All treatments are performed with 3-day FLEXdose delivery option in a single treatment session using a selective or lobar approach. To optimize the predictive value of the 99mTc-MAA intra-hepatic distribution, the catheter tip during 99mTc-MAA injection is recommended to be placed at the same anatomical position from which 90Y resin microspheres will be administered (a deviation greater than ± 0.5 cm is allowed, if necessary, but must be documented; likewise, the occurrence of stasis will be documented).
After the SIRT procedure
Post-treatment assessment is conducted by imaging of the patient’s abdomen with 90Y SPECT/CT or 90Y PET/CT. Post-SIRT images are assessed by the Eligibility Review Committee using FDA-approved software to qualitatively confirm tumor targeting, quantify the mean tumor dose delivered, and to decide if re-treatment may be necessary.
If the mean tumor dose delivered, based on post-treatment 90Y SPECT/CT or 90Y PET/CT imaging, was estimated to be < 100 Gy, SIRT re-treatment may be performed at the discretion of the treating physician within 4 weeks of the index procedure.
Treated patients will be assessed at baseline (no more than 28 days before SIRT), and at 1, 2, 4, 6, 9 and 12 months (± 2 weeks) and at 24 months (± 1 month) after SIRT. All patients are assessed according to the schedule summarized in Table 2. All images used to assess tumor response are reviewed at an independent centralized laboratory (American College of Radiology Center for Research and Innovation, Philadelphia, PA; ACR). Patients may be withdrawn from the study due to loss of follow-up, death, withdrawal of consent, adverse events, investigator decision, or if there is failed SIRT implantation. If a patient withdraws from the study a study completion electronic case report form must be completed, describing the reason for discontinuation. After 24 months and exit from the study, patients will be assessed and managed as per usual care.
The co-primary endpoints are localized objective response rate (ORR; CR or partial response [PR]) using modified Response Evaluation Criteria in Solid Tumors (mRECIST)  with best response through 9 months, and duration of response (DoR), defined as the time-interval from first achieving a response (i.e., CR or PR) until disease progression (≥ 6 months for ≥ 60% of responders).
Secondary endpoints include: grade ≥ 3 toxicity (Common Terminology Criteria for Adverse Events, CTCAE v5.0) at 3 months and 6 months; quality of life (QoL) measured by Functional Assessment of Cancer Therapy-Hepatobiliary (FACT-Hep) questionnaire and the five-level EuroQol five-dimensional questionnaire (EQ-5D-5L); liver resection rate; and liver transplant rate.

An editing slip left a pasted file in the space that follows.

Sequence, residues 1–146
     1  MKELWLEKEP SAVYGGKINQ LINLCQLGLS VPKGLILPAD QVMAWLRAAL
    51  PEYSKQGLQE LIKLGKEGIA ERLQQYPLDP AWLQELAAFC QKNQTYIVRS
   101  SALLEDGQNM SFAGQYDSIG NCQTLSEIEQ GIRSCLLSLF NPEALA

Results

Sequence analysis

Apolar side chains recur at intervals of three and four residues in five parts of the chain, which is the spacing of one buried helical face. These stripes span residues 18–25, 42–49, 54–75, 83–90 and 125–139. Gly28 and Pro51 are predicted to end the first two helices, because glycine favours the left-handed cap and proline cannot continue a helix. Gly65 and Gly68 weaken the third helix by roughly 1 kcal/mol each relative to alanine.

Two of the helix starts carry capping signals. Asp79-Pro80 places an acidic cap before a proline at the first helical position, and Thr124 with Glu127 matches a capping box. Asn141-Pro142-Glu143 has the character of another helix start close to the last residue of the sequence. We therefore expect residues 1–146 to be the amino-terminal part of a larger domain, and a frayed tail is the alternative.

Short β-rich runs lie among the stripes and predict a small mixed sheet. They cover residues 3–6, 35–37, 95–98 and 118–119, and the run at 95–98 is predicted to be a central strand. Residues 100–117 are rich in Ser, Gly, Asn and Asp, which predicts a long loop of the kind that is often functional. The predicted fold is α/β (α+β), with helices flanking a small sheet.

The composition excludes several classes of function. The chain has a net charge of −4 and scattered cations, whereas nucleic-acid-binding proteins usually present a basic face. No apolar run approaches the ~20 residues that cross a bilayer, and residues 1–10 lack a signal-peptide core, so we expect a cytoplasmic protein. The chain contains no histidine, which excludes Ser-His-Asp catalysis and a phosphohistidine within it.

Sample size calculation and statistical considerations
Continuous data will be summarized using descriptive statistics: sample size, mean, standard deviation, standard error, median, and range or interquartile range. Discrete variables will be summarized using frequency counts and percentages. All statistical analyses will be performed using SAS (version 9.4 or higher, SAS Institute Inc. Cary, NC), R (version 3.2 or higher, R Foundation for Statistical Computing, Vienna, Austria) or other widely accepted statistical or graphical software.
Primary analyses will be conducted under the principles of intent-to-treat (ITT), using the full analysis set (FAS) as defined in ICH E9 (Statistical Principles for Clinical Trials). Additionally, a per-protocol (PP) population is defined, including ITT patients who met all inclusion and exclusion criteria, received the intended dose of 150–400 Gy, and had no major protocol violations.
Methods for replacing missing data such as last value carried forward or multiple imputation will not be routinely used for the primary study analyses. For the purposes of defining the primary endpoints, death before the first attempt at evaluation will be defined as failure of the endpoint in question, and if no evaluable mRECIST data are collected for a patient, they will be classified as a failure for the ORR endpoint and as missing data for the DoR endpoint. Planned subgroup analyses will be conducted to evaluate consistency of results by gender and dosimetry method. Additionally, a dose–response analysis will be conducted to estimate the threshold mean tumor dose for response for tumors ≥ 3 cm. For the co-primary endpoint ORR, all lesions in the treated portion of the liver will be included for analysis, with up to 2 lesions per patient defined as target lesions and the rest non-target lesions. ORR results will be presented as the proportion of successes (CR or PR) with corresponding confidence limits calculated by the exact binomial (Clopper-Pearson) method. The performance goal is a lower confidence interval for best response on ORR of 40%. A DoR of ≥ 6 months in ≥ 60% of responding patients is the goal of the co-primary endpoint.